We know that reading doesn’t always spark joy.
We became Literacy Instructional Leaders because we want to help teachers and students enjoy reading while also learning and engaging with its purpose–to construct meaning. While neither of us are situated in the classroom anymore, we support middle and high school ELA teachers in Mobile, Alabama, as they strive to provide sound and rigorous reading instruction for their students…and spark a little joy. This task is not always easy; but, we have learned that if you provide three elements – content knowledge, connection, and engagement – instruction is made easier. As we construct pacing guides and provide professional development opportunities for our teachers, we leverage the Newsela platform to assist us in supporting teacher success and student achievement.
1. Provide content knowledge for literature - Without background knowledge, students are just reading and processing information off of a page; they lack the ability to get deep in between the lines of the text.
For our district’s pacing guides, we chose 1-2 Newsela articles connected to each literary text that provided the necessary background knowledge for students. Newsela helps to create variety and diversity of articles. In addition, Newsela’s library of relevant topics provides teachers with additional opportunities to create a foundation for instruction. For example, in our 7th grade curriculum, students read “Papa’s Parrot,” which is a story about a boy who learns through a pet parrot just how much his father misses him. We paired “Papa’s Parrot” with the Newsela text "Red-faced encounter: Rare new species of parrot discovered in Mexico" that examines the vocal abilities of parrots, particularly the blue-winged Amazon parrot. While the story, “Papa’s Parrot” is a favorite for students within our district, using the Newsela article to spark their thinking and allowing them to make connections between their prior knowledge and the new knowledge contributes to the students’ enjoyment of the story itself. Of course, a teacher could have simply provided students with a few quick facts about parrots, but the colorful picture in the Newsela article, along with the new information, pulls students deeper into the learning experience, anchoring their understanding and building on it.
2. Make cross-curricular connections - Students tend to compartmentalize their learning–when the bell rings between classes, so goes many students' abilities to transfer what they’ve learned between subjects. Our district uses Newsela Social Studies and Newsela Science, so we merged the two worlds inside of our ELA pacing guides by including Newsela articles that connect to the units of study in those classes. For example, in the ninth grade curriculum, students were required to read a nonfiction essay entitled “A Celebration of Grandfathers.” This reflective essay details how the elders of Native American culture are celebrated in New Mexico. To provide background information about New Mexico, which helps not only prepare them for reading the essay but for what they learn in their ninth grade history classes, we chose the Newsela article “New Mexico: Land of Enchantment". The pacing guide’s instructional guidance provides the teacher with minimal, but essential steps to ensure cross-curricular connections are being made. You can check out the mini lesson here.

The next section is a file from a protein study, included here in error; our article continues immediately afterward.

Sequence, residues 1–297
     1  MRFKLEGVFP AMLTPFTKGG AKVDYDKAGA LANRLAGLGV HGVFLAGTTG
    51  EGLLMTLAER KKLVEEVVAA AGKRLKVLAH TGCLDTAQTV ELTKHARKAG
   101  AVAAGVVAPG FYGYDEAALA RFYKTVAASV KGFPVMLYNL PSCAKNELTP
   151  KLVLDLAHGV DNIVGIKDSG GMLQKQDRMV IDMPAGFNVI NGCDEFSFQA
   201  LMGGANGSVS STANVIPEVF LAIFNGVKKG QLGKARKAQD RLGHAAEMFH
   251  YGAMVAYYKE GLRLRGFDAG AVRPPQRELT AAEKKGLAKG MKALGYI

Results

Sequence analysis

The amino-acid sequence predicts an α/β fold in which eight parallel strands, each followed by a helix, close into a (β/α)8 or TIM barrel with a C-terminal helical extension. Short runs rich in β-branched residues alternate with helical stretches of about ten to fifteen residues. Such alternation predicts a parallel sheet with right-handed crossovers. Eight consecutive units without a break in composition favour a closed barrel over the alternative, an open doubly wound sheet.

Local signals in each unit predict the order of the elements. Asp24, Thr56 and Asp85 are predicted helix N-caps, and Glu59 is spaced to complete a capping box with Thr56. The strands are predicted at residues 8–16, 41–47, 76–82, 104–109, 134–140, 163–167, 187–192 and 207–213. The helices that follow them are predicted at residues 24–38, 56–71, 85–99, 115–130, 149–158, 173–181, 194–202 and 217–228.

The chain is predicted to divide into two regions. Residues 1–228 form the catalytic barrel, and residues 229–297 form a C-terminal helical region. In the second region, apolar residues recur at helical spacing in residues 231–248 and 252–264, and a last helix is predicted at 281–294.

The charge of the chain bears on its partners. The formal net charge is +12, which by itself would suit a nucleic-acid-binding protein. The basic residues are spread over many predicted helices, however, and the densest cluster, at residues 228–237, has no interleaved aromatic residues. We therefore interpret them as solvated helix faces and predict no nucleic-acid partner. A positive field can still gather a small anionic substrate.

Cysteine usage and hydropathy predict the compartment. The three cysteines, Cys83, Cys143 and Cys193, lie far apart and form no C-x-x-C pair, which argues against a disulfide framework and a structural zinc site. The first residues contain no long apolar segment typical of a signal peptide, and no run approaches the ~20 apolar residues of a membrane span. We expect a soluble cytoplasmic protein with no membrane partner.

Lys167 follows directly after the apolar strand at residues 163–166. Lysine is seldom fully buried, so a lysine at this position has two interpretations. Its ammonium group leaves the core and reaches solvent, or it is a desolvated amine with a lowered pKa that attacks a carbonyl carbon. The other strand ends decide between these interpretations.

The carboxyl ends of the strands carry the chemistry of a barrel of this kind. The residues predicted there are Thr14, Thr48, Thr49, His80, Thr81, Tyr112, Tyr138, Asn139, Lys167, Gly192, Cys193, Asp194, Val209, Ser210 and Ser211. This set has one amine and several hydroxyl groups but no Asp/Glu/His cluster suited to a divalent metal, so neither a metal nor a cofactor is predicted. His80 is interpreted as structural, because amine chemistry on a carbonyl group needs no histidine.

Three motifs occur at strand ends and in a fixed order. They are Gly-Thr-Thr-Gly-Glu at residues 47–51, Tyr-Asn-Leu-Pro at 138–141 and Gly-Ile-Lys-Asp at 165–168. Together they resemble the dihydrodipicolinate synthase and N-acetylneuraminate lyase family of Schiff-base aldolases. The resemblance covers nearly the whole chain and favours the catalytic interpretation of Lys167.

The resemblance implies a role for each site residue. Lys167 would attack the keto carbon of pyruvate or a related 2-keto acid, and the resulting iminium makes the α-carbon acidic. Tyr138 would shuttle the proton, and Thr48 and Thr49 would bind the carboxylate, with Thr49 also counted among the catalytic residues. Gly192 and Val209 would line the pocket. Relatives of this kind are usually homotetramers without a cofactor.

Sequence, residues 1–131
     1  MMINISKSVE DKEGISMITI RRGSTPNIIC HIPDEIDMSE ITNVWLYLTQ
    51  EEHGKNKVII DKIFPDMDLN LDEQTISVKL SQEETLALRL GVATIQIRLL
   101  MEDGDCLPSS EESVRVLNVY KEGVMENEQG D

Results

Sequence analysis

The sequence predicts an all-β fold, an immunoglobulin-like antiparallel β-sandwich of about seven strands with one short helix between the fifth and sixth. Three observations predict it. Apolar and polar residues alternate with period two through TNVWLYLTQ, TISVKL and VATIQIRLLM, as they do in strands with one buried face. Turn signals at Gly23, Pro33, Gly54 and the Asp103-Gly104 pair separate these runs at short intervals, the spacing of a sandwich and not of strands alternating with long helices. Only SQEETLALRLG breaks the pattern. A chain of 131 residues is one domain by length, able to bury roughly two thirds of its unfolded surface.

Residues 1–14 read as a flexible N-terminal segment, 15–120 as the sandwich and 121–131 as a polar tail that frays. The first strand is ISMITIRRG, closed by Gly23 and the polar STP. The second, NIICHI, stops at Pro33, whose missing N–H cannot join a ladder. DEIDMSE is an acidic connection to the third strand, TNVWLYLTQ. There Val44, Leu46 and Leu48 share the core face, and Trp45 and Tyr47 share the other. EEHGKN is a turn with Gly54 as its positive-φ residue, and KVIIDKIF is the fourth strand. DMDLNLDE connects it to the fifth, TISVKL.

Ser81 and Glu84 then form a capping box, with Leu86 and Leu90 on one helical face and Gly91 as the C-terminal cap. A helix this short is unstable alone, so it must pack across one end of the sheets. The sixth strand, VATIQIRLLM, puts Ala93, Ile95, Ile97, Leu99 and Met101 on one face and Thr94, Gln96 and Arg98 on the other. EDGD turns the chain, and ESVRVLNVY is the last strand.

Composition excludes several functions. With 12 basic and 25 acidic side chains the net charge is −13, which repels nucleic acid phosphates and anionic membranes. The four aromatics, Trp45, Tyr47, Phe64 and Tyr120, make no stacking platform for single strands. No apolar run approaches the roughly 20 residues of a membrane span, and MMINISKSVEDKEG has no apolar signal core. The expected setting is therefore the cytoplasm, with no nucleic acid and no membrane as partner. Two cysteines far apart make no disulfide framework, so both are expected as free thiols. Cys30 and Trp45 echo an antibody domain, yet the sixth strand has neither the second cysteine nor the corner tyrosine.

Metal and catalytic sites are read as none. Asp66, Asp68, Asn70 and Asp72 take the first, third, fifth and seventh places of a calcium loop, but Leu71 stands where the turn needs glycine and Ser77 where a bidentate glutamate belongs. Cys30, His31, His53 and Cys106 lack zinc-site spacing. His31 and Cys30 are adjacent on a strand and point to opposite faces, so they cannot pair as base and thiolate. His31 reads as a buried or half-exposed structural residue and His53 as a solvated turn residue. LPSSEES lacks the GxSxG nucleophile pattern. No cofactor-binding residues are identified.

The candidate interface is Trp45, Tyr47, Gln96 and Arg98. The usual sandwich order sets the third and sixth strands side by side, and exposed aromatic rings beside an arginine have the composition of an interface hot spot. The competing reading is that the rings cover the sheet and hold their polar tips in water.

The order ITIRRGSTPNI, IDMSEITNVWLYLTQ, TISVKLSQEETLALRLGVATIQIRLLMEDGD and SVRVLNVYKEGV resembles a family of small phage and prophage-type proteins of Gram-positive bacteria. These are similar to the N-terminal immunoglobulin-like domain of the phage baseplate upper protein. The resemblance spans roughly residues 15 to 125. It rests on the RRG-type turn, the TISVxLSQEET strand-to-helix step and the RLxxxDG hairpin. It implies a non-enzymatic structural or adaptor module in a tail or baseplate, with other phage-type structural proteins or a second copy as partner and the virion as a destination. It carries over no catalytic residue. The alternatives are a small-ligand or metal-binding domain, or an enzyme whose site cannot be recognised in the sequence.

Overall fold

3. Engage Students - During the quarter, Tanisha had the opportunity to return to the classroom and teach a group of eighth graders using a curated text set “Pets vs. People” to support a teacher who was struggling to get her class to read. Once students started reading about cats, dogs, and hamsters, laughter and giggles spread, and students were not only volunteering to read, but begging to. Aishia had a similar experience supporting a first-year teacher who was teaching argumentative writing. The lesson Aishia created was titled “We Beefin’: Perspectives and Credibility in Argumentative Writing.” Aishia used two articles about “beefs” Beyoncé had with fans over her sampling of classic songs. The students loved the lesson and reading the articles. Power Words from the articles were used in questions that connected to the context of the lesson, but required textual support from the articles. Aishia played videos of the songs referenced in the articles–students danced as they read, discussed, and learned. Because students felt confident in their knowledge about the subject, they were able to trust the process of the lesson and dig in deeper. Seeing this also inspired the teacher and gave her confidence that she would be able to teach such a rigorous task in the future. You can find a sample of Aishia’s presentation here.
Newsela can be the introduction to a lesson, it can be a bridge within a lesson, or it can be the lesson itself. When planning your next lesson, ask yourself how you want to activate prior knowledge or provide background knowledge and use some of the strategies we’ve found successful. If you need a spark in your lesson, remember to provide content knowledge, create connections, and engage students with relevant texts. If you are feeling overwhelmed by all of this, know that you can choose one strategy to implement in your instruction and build as the year progresses. Do what works for you. The simple fact that you are using Newsela will do wonders for your students.
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